(Estimated reading time: 2 minutes, 59 seconds)
In June this year we held, in conjunction with Legal Futures a roundtable event which was attended by a group of highly experienced litigation lawyers. At that meeting they expressed some of the concerns their clients had with taking out ATE/litigation insurance.
One common theme expressed was the reluctance of a claimant to reduce the damages they might otherwise receive by having to pay the premium due under the litigation insurance policy. How much of the pie did they wish to share and with whom? A lot of clients’ decisions come down to price, specifically in Temple’s case the cost of insuring the risk of the client losing his claim. Pricing of risk in the context of litigation is notoriously complex. It will come as no surprise that an insurer will want to ensure that the income it receives in the form of premiums outstrips the claims it has to pay out on.
I want to address the reluctance to take out litigation insurance from the point of view of a wealthy client, be they a corporate or individual. For these clients “money is no object” and they can carry the risk. However, on a deeper analysis of possible outcomes for the client in its venture into the world of litigation, they may take a more considered view.
In peril of sounding like Donald Rumsfeld, there are known unknowns. Costs are a certainty, but the actual costs of bringing a matter to trial are an unknown. Estimates can be made, but they are just that – estimates. The risk insured against, namely projected adverse and own costs to trial is an approximation and a moving figure. The budget is based on assumptions. Those assumptions may or may not prove well-founded for a number of reasons, not least the attitude of the parties to the dispute. As we all know costs budgets have the habit of being revised and revised only one way- up.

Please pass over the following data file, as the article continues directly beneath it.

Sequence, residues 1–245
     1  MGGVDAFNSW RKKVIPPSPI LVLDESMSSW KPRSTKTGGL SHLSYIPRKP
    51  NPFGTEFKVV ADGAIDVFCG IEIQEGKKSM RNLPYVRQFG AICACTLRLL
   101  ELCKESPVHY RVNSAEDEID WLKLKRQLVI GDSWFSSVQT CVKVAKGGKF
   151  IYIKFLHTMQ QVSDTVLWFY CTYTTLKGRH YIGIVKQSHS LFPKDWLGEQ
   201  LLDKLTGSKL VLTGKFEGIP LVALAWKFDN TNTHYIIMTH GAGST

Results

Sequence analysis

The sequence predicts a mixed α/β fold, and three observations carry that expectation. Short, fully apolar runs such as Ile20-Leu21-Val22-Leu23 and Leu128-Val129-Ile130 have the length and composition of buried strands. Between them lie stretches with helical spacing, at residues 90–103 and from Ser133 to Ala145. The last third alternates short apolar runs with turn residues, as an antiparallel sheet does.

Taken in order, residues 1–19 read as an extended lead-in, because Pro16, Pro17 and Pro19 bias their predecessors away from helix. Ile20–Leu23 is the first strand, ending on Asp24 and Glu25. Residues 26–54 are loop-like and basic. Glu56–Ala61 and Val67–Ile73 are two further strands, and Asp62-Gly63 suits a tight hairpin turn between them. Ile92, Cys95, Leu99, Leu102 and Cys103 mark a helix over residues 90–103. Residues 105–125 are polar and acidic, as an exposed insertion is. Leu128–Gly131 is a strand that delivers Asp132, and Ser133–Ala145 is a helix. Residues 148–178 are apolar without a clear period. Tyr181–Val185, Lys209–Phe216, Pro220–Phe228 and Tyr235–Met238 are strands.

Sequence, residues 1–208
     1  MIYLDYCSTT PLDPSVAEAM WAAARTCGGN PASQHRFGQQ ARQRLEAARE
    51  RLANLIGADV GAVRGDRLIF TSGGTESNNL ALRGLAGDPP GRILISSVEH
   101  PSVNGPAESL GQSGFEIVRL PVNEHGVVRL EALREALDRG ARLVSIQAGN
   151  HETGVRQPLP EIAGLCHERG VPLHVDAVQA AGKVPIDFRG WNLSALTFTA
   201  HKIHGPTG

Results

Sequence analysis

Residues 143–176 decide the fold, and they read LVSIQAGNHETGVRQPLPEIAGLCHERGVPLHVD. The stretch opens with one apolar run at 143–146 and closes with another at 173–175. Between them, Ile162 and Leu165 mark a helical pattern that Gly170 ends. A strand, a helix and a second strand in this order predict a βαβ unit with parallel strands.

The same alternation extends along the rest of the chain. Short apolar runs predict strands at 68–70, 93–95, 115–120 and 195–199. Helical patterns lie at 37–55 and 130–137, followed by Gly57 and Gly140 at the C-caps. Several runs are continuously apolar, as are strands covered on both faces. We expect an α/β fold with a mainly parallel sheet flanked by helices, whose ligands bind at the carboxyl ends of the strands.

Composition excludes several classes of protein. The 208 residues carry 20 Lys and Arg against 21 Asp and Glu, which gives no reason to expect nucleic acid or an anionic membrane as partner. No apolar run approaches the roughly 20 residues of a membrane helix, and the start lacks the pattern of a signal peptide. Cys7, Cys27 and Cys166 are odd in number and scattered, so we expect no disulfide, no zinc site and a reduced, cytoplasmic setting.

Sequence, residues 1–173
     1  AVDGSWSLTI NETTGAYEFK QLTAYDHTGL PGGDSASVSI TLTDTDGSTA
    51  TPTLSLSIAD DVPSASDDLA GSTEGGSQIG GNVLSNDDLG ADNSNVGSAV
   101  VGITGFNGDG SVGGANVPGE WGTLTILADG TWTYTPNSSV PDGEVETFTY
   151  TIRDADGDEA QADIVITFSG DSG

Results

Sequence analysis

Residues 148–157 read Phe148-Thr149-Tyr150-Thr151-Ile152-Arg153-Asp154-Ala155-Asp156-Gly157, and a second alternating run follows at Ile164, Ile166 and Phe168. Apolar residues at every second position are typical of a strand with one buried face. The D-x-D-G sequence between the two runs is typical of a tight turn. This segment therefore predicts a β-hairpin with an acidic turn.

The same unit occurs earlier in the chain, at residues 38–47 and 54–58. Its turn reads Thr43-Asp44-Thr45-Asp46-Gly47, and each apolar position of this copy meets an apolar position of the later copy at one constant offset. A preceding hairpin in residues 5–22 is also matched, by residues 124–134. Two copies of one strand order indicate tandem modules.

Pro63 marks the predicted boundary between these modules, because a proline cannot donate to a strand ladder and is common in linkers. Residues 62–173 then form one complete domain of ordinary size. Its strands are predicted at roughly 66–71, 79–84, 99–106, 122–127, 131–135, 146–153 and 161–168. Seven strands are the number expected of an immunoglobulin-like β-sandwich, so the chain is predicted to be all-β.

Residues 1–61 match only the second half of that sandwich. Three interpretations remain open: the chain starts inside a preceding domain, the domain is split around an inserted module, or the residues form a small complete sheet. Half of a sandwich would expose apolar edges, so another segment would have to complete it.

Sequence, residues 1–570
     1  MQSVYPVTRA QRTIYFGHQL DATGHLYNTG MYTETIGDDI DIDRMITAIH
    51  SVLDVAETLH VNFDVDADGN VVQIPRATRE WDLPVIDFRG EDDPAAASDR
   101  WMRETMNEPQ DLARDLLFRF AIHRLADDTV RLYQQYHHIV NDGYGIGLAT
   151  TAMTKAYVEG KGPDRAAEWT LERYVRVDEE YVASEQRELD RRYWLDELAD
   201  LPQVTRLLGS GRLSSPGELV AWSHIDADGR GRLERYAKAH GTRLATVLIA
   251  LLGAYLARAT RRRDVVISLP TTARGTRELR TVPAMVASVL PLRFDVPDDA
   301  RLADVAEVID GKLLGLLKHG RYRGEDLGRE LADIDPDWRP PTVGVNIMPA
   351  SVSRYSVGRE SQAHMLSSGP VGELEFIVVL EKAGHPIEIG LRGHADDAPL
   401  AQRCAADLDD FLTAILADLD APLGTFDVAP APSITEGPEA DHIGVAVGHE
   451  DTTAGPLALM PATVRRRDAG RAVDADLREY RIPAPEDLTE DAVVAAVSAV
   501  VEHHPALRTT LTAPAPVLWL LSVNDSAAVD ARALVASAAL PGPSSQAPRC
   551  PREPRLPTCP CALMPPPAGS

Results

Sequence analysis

As regards costs, a great deal will depend on the behaviour and attitude of the opponent as well as that of the claimant. Unreasonable behaviour by either party can lead to unnecessary satellite litigation and interminable interlocutory applications. These will inevitably ratchet costs up rapidly. What originally started out as a relatively straight-forward matter can quickly balloon into something entirely different; costs can become grossly inflated and in some instances totally disproportionate to the value of the claim in issue.
Legal practitioners will be familiar with a certain attitude that comes with money. But wealthy clients these days are wealthy because they are prudent and careful with money. If they are presented with a scenario of losing their case at trial and having to pay a substantial proportion of the opponents costs in addition to their own costs, they will want to look closely at the price of insuring against that risk.
Are you in a position to give them the information they need about insurance?
The litigation insurance premium is often pegged to the level of indemnity sought. If the claim succeeds, it will often be the case that the premium paid represents a small fraction of the damages awarded (usually well under 10 % and often in the region of 5% depending on the value of the claim). This is a relatively small price to pay for the client to protect itself against losing, in which event no premium is payable and the insurer pays out on the claim.
If you require some examples of how this might work in practice please do call us, we’d be happy to run through with you some scenarios tailored to your particular case.